Serena stays ascendant in familiar twist to family plot

Defending champion retains her crown against sister in controversial match marred by injury
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The Independent Online

There cannot have been a more subdued reaction by a winner since Denis Law back-heeled his beloved Manchester United out of the top division of English football in 1974. Serena Williams, torn by family ties, simply walked to the net after her victory, 4-6, 6-4, 6-2, and gave her older sister, Venus, a consoling hug.

It was never going to be a satisfactory final. Venus, barely even able to walk between points because of her injuries - a damaged stomach muscle, and groin and thigh strains caused by overcompensating - did as well as she could in difficult circumstances. But even in the warm-up she looked as if she was being tested to see whether she would be able to go to the medical room unaided.

Great players do not give in easily, which is why Venus gritted her teeth and overcame her injuries and Kim Clijsters, the second seed, in the semi-finals. Clijsters versus Serena, the defending champion, would have been a full-blooded match, but Venus's decision to continue the fight on Thursday diminished Saturday's finale while keeping her sister at the top of the world rankings.

The reasons why Venus contradicted the family's policy of not competing if injured are threefold: as she told the Centre Court crowd afterwards, she wanted to make sure they saw a final; then the optimistic thought, "What if?" entered her mind; and, as she confirmed in the interview room later, she did not want to attract more accusing fingers.

"Serena and I have taken a lot of flak," she said, "so I felt to take one for the team. We've been blamed for a lot of things that never even happened. I felt today to play. I think everyone's quite familiar with the history."

For those who may not be familiar with the background, the sisters - or, more precisely their father and mentor, the astonishing Richard Williams - have been involved in numerous controversies since they blossomed.

There was, for example, the Indian Wells Incident in California in 2001. Venus, due to play Serena in the semi-finals, withdrew, citing injury, only half an hour before the match was due to start. Serena, given a walkover to the final, was booed by the crowd for much of her winning final against Clijsters. Venus and Richard, who watched the final, were also subjected to verbal expressions of the crowd's displeasure. Richard accused the spectators of racism, although the consensus was that disappointment at not being able to see the sisters compete in the semi-final was the only issue.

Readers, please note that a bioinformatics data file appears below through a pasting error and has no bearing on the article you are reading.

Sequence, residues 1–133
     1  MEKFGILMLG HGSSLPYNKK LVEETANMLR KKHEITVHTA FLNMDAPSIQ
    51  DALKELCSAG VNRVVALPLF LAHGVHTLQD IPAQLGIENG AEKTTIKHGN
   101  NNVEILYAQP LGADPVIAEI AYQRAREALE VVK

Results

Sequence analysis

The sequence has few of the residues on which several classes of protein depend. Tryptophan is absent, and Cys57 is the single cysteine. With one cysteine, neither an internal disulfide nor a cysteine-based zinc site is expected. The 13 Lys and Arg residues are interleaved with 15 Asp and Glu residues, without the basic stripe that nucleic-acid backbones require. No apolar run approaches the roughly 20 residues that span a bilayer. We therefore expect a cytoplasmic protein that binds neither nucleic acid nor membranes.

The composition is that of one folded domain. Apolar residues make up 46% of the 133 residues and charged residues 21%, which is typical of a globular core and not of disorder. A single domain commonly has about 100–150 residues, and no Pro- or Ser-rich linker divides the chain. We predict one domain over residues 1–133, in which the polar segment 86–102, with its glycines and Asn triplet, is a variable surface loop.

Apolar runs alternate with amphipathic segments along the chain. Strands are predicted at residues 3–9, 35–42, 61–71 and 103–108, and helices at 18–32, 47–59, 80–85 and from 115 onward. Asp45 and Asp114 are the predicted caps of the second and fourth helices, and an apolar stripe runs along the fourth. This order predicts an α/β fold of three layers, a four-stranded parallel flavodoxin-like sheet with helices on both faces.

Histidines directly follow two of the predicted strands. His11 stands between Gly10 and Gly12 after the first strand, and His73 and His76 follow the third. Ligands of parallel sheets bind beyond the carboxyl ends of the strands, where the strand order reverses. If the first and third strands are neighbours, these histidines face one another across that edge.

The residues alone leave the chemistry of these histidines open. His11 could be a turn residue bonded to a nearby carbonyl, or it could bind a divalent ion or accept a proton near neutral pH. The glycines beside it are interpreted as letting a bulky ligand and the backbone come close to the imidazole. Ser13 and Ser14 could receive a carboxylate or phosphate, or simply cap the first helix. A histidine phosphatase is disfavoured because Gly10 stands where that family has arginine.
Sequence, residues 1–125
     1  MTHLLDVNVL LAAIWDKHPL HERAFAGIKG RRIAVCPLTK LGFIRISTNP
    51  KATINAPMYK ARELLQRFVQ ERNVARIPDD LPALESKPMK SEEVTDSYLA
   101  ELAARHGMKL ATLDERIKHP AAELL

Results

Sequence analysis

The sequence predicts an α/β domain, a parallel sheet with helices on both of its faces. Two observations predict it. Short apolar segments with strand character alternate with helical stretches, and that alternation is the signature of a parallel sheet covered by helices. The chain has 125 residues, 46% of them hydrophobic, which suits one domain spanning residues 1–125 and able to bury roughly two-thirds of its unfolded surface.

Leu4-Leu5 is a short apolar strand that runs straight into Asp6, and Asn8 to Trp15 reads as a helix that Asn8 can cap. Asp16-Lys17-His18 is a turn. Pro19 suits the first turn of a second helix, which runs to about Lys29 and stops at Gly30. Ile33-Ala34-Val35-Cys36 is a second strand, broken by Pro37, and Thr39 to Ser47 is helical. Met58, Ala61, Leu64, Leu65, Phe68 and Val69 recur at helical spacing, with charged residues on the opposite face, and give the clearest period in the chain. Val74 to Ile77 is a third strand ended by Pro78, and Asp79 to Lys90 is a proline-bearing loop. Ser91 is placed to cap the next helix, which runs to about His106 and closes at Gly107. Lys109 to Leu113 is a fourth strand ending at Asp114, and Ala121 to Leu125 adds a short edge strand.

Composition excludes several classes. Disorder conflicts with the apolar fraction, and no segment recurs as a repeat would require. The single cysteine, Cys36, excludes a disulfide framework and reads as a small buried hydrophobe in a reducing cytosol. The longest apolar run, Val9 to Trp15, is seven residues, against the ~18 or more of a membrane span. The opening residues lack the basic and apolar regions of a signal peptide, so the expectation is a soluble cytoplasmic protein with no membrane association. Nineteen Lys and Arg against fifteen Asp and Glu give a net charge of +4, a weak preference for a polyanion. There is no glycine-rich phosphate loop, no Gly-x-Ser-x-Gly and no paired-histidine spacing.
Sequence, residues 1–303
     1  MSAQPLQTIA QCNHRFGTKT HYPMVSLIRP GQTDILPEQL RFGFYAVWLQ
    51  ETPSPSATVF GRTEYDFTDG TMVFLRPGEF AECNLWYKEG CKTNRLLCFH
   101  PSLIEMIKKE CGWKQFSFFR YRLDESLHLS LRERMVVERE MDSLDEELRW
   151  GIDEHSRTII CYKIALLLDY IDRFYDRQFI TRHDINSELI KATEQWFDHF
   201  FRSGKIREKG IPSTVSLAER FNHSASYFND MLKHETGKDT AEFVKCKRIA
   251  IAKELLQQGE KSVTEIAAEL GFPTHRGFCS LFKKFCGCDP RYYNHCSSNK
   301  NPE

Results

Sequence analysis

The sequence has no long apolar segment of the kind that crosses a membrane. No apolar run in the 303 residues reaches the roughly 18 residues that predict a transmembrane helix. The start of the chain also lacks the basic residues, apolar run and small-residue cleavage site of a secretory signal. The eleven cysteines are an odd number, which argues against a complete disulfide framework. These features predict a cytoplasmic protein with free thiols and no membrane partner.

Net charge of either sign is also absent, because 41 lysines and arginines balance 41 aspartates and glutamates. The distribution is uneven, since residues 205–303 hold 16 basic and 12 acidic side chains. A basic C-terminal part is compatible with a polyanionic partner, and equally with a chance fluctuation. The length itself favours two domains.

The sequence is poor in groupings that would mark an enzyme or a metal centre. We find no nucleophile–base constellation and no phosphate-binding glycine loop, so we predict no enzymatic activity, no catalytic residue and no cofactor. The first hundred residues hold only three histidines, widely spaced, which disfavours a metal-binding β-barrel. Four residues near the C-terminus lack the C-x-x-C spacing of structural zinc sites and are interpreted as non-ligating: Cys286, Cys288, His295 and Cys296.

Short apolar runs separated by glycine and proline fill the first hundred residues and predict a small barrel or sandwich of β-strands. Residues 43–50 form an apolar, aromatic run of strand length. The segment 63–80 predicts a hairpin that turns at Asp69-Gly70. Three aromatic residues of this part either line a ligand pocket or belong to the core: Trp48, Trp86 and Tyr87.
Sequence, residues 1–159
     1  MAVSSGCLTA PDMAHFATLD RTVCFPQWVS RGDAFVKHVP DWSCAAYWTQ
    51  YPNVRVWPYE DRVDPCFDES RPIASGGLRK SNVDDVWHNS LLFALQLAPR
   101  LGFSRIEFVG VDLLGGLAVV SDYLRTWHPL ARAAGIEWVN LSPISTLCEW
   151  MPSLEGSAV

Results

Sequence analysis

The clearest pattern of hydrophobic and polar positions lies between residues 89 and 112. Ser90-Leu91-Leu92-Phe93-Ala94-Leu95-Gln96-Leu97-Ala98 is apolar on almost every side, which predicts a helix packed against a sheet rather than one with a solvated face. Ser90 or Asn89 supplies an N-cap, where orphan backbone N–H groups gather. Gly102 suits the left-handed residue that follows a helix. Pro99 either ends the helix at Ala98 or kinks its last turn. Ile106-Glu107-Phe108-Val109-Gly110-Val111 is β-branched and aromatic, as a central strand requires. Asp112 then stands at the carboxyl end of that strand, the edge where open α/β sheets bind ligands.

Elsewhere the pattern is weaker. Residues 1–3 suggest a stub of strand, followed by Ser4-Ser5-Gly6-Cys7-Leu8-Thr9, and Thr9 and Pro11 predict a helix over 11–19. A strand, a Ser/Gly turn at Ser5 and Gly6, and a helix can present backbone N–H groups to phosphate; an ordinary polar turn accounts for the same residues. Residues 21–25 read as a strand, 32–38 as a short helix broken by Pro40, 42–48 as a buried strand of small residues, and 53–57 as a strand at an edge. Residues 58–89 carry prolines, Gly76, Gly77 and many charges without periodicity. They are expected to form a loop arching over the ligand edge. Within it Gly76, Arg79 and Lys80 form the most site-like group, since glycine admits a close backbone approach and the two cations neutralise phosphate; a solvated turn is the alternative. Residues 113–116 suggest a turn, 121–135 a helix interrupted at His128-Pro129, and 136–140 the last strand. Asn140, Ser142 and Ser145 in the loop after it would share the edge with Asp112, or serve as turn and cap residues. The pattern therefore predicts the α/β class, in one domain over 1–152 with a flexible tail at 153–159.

Generally, Williams and his daughters have been treated with suspicion whenever Serena and Venus have played each other, particularly in finals. But the notion that the father decides the outcome, a conspiracy theory fuelled by his prescience about the development of his girls on the professional stage, has largely been consigned to mythology.

Venus's words on Saturday evening betrayed a deeper, more significant hurt than losing a fifth consecutive Grand Slam final against her sibling, who, in Australia in January, completed a "Serena Slam" of the four major championships.

"Today was a good effort," Venus said. "It's tough enough to go into the Wimbledon final, because you know you have to play your best tennis to win. It's a little tougher not being really sure how much you can do. I wasn't sure how far I could go. If it wasn't the Wimbledon final, the chances of me playing probably would have went down.

"It was definitely up to me. No one took away that decision al all. No one made any suggestions or put any pressure, because then it gets to be even more confusing."

Ah, there's the word: confusing. That is the crux of the media's and the public's perception of the Williams phenomenon. Marvelling at the achievements of the most powerful young women tennis has known is one thing; understanding them is more complex. Competition between sisters on a regular basis at the highest level of sport is a difficult concept to grasp.

Venus did make a good effort on Saturday - some people thought it was one the better finals the siblings have played - and it would have been hard for her to have abandoned the tournament after playing for much of it as if she was ready to regain the title, before "things took a turn", as she put it.

Those who imagined that there was an element of choreography involved can be excused, if only on the basis of the surreal nature of some of the previous encounters, not only here, but around the world. The gentle warm-up did nothing to dispel fears that Venus would not last long enough make her presence felt, and some of the points, particularly towards the end of the opening set, seemed preordained.

The one that caused most murmuring came on the second set point. Serena, having double-faulted to 0-40 and saved the first set point with a backhand drive, played a forehand as soft you would see from a beginner on a mini-tennis court, and compounded that by pushing a second forehand wide.

At other times, the rallies were impressive and some of the shot-making was breathtaking, and one sequence of reflex volleying beyond the scope any stage-fight arranger. For the first time, the duel did not adhere to the script that she who takes the first set wins.

Moreover, Venus returned and saw the match through after taking an injury time-out after losing her serve in the opening game of the final set. Even before that, Sir Alex Ferguson, watching from the Royal Box, may have been tempted to send on his super-sub, Ole Gunnar Solskjaer.

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